There have been some successes in qualifying biomarkers and applying them to drug development and clinical treatment of various diseases. A recent success is illustrated by a collaborative effort among the US Food and Drug Administration, the European Medicines Agency, and the pharmaceutical industry to provide a set of seven preclinical kidney toxicity biomarkers for drug development. Other successes include, but are not limited to, clinical biomarkers for cancer treatment and clinical management of heart transplant patients. The value of fully qualified surrogate endpoints in facilitating successful drug development is undisputed, especially for diseases in which the traditional clinical outcome can only be assessed in large, multi-year trials. Emerging biomarkers, including chemical genomic or imaging biomarkers, and measurement of circulating tumor cells hold great promise for early diagnosis of disease and as prognostic tests for managing treatment of chronic diseases such as osteoarthritis, Alzheimer disease, cardiovascular disease, and cancer. To advance the success of treating and managing these diseases, efforts are needed to establish the temporal relationship between changes in inflammatory or imaging biomarkers with the progression of the chronic disease, and in the case of cancer, between the extent of circulating cancer cells and tumor progression or remission.
doi:10.1208/s12248-011-9265-x
PMCID: PMC3085704  PMID: 21448748
biomarkers; diagnostic; diseases; gene expression; imaging
5.  Successes Achieved and Challenges Ahead in Translating Biomarkers into Clinical Applications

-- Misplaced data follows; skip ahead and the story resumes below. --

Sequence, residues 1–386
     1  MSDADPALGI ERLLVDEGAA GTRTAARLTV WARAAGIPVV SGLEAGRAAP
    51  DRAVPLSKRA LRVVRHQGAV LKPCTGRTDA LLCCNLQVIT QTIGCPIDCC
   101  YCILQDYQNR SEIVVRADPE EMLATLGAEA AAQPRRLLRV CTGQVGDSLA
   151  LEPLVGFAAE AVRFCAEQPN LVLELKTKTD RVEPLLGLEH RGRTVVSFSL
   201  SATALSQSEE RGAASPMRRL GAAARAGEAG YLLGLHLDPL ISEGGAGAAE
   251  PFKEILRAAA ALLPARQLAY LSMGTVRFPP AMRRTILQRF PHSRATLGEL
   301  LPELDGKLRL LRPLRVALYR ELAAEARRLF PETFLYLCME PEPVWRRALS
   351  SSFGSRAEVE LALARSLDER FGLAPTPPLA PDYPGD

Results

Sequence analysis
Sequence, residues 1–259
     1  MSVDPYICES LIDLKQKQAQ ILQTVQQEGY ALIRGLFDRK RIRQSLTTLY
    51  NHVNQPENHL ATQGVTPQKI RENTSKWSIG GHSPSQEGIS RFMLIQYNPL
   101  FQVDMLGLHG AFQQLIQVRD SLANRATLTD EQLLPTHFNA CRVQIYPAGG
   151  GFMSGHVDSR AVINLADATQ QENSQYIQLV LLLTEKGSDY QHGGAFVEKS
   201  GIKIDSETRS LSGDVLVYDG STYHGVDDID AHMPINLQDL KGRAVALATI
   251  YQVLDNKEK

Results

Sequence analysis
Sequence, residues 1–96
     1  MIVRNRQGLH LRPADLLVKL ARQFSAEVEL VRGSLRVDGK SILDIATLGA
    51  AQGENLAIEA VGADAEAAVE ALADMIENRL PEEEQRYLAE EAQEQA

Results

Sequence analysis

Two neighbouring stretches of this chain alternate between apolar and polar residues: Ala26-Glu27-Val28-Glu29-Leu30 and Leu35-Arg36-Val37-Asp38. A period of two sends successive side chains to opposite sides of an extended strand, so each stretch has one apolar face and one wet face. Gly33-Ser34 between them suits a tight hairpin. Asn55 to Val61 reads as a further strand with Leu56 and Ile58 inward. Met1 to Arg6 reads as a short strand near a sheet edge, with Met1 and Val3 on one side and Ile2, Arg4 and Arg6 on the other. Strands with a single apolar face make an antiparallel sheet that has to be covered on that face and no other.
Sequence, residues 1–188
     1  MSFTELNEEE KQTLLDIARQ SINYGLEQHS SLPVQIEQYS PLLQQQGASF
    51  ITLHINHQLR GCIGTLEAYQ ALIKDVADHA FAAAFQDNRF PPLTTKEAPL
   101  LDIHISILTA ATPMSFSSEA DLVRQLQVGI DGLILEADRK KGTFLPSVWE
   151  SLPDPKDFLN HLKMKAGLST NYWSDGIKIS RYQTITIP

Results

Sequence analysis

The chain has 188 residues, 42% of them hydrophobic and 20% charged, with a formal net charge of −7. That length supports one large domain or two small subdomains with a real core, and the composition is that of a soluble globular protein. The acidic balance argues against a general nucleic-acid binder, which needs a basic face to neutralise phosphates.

The AAPS Journal  2010;12(3):243-253.
Biomarkers are important tools for identifying and stratifying diseases, predicting their progression and determining the effectiveness, safety, and doses of therapeutic interventions. This is important for common chronic diseases such as diabetic nephropathy, osteoporosis, and rheumatoid arthritis which affect large numbers of patients worldwide. This article summarizes the current knowledge of established and novel biomarkers for each of these diseases as presented at the 2008 AAPS/ACCP joint symposium “Success Achieved and Challenges Ahead in Translating Biomarkers into Clinical Applications,” in Atlanta, Georgia. The advantages and disadvantages of various proteomic, metabolomic, genomic, and imaging biomarkers are discussed in relation to disease diagnosis and stratification, prognosis, drug development, and potential clinical applications. The use of biomarkers as a means to determine therapeutic interventions is also considered. In addition, we show that biomarkers may be useful for adapting therapies for individual needs by allowing the selection of patients who are most likely to respond or react adversely to a particular treatment. They may also be used to determine whether the development of a novel therapy is worth pursuing by informing crucial go/no go decisions around safety and efficacy. Indeed, regulatory bodies now suggest that effective integration of biomarkers into clinical drug development programs is likely to promote the development of novel therapeutics and more personalized medicine.
doi:10.1208/s12248-010-9182-4
PMCID: PMC2895431  PMID: 20232184
biomarkers; bone; diabetic nephropathy; drug development; genetic; inflammation; osteoporosis; proteomics; rheumatoid arthritis

Results 1-5 (5)